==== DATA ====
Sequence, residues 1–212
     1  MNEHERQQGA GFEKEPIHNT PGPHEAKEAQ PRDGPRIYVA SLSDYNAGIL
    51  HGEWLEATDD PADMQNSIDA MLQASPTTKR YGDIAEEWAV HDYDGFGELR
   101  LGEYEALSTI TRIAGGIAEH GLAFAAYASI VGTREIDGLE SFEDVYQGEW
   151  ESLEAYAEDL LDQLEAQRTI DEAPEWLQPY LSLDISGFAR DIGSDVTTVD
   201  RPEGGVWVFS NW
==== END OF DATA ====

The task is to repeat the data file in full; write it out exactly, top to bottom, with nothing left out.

Sequence, residues 1–212
     1  MNEHERQQGA GFEKEPIHNT PGPHEAKEAQ PRDGPRIYVA SLSDYNAGIL
    51  HGEWLEATDD PADMQNSIDA MLQASPTTKR YGDIAEEWAV HDYDGFGELR
   101  LGEYEALSTI TRIAGGIAEH GLAFAAYASI VGTREIDGLE SFEDVYQGEW
   151  ESLEAYAEDL LDQLEAQRTI DEAPEWLQPY LSLDISGFAR DIGSDVTTVD
   201  RPEGGVWVFS NW